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Fashion Notes

McCartney Orchestrates Applause for Designer Daughter

March 19, 2001|MICHAEL QUINTANILLA | TIMES FASHION WRITER

PARIS — Half the fun of fashion shows is scanning the front row for famous faces. One of music's legends, former Beatle Sir Paul McCartney--still baby-faced--turned up last week to cheer his designer daughter Stella at Chloe.

Sitting next to actresses Liv Tyler and Debi Mazar on one side and singer Chrissie Hynde on the other, the proud papa applauded every garment and at show's end gave his daughter a standing ovation as she blew him a kiss.

"Stella's work just gets better and better and better," McCartney said in an interview after the show, before he was whisked away by bodyguards. "The collection is fantastic, beautifully made, feminine and has such style. I try to make all her shows.

"And I also give her so much advice but she never takes it," he said. "I always suggest outfits but she doesn't do [them]. She's got a mind of her own."

And in her own right, he added, Stella also is a bit of a musician. "She makes music with her clothes."

Frock 'n' roll.

*

Mazar, who was in Paris vacationing, also found time to stay abreast of the latest trends. After the Chloe show and before Jean-Paul Gaultier's on the same day, she was custom fitted for brassieres.

"I like my bust pointy," she confessed, while sitting ringside at the Gaultier show, about her 34-B fitting. "Really, I had a bullet bra appointment at a shop with Madame Poopie--wait, it's spelled P-o-u-p-i-e--a designer.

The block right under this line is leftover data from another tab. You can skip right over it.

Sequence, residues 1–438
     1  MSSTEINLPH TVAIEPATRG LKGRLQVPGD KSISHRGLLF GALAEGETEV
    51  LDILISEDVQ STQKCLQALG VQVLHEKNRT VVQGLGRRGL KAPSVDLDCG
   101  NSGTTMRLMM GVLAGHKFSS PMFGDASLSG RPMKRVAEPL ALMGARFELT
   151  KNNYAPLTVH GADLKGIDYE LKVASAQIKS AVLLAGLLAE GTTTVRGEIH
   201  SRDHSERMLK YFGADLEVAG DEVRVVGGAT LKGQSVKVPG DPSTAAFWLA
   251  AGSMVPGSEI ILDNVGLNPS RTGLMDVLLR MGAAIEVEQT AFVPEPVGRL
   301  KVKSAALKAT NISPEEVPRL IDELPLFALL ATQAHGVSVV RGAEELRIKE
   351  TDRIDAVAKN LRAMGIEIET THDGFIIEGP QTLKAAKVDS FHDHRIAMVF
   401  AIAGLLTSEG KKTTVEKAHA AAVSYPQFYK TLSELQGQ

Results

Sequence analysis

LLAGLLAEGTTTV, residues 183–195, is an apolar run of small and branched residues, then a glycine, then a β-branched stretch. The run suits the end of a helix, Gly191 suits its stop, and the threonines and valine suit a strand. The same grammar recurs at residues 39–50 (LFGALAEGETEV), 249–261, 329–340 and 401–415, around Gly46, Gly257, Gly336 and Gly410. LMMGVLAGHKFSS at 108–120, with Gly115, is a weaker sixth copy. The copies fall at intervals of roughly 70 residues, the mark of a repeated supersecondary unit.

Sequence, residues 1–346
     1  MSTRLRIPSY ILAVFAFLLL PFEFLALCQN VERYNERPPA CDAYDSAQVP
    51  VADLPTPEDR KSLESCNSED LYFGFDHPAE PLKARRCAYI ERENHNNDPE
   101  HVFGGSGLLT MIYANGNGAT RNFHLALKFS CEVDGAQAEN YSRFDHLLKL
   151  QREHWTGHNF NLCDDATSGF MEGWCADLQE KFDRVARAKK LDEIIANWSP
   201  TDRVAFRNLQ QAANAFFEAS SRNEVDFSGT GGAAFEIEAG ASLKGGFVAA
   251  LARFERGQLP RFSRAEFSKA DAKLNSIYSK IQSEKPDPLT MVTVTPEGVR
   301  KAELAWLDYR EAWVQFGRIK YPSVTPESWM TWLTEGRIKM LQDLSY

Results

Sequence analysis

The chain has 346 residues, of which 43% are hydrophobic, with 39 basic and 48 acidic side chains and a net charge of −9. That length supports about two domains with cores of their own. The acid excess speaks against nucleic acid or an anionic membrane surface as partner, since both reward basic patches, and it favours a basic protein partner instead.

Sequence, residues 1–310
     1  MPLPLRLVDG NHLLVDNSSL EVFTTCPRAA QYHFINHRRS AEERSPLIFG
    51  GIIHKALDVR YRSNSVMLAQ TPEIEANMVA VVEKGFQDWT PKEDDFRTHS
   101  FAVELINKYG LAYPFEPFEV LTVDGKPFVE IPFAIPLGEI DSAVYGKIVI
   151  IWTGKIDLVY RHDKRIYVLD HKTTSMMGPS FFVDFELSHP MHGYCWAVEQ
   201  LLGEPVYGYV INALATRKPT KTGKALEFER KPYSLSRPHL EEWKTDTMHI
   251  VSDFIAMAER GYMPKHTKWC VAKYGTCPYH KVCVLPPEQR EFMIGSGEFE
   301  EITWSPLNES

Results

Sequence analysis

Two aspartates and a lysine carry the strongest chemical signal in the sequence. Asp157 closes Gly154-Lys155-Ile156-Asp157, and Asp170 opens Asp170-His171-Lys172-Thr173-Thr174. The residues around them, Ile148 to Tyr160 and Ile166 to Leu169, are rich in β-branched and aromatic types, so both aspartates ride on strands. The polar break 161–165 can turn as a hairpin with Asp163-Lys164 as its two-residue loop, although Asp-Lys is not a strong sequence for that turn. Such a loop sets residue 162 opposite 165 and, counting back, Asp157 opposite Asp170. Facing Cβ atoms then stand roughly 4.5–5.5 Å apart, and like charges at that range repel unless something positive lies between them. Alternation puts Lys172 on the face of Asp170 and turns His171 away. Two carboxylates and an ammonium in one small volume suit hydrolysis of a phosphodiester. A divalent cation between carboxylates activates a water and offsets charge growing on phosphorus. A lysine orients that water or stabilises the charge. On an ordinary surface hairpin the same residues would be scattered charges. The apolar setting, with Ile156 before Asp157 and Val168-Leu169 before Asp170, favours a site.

"In America, I can't find such nice-fitting bras. It's really wonderful to do that here. I felt like a woman," she said about the uplifting experience. "Madame Poupie knows just where to put the darts."

The next day, Mazar was front row at the Chanel show, sitting next to actor Gerard Depardieu, who couldn't help but give her the once-over before she . . . well . . . darted out the door.

*

At the signature collection for John Galliano, rapper Jay-Z sat front and center, surrounded by eight bodyguards and nearly oblivious to the paparazzi who were more interested in taking photos of French celebs.

"Who eez zis rapper?" asked a Paris-based photographer. "I only take photos of rappers weez 'Puffy' in zee name."

At the same show, British model Stella Tennant stunned guests when she made an obscene gesture as she approached photographers and mouthed what appeared to be an F-word--and we're not spelling F-a-s-h-i-o-n here, folks.

We can only figure that it was all an act. Backstage, a giant poster--called an inspiration board in the business--was decorated in the shape of a skull with a message to rev up the models for the show. Galliano instructed his models to pretend to be urban pirates as they romped on the runway. Read his board:

"Own the runway!!! Take no prisoners. Slaughter any pirate [rhymes with witch] that tries to get in your way. Remain fierce and strong, savagely sexy."

Thus, Tennant's temporary tenet.

*

Van Cleef & Arpels, look out. You too, Harry Winston.

Collaborating with scientists at the Catholic University of Leuven in Belgium, Thierry Holemans, a third-generation Belgian jewelry designer, has created what he calls "living jewels"--a $3 million necklace set in platinum loaded with 3,987 diamonds. Three flowers open and close, triggered by changes in the body temperature of the wearer or the environment. Hidden alloys trigger the magic--the petals open when it is hot, close when cold.

The one-of-a-kind piece--in the works for five years--was unveiled last week at the Parisian palace of Belgium's ambassador to France, Alain Rens, with Holemans and his scientific squad on hand.

Now Holemans has his eyes set on Hollywood's red carpet. "Do you think Julia Roberts would wear this?" he asked. "It would go well with her dazzling smile."

And she is about as hot as hot can get.

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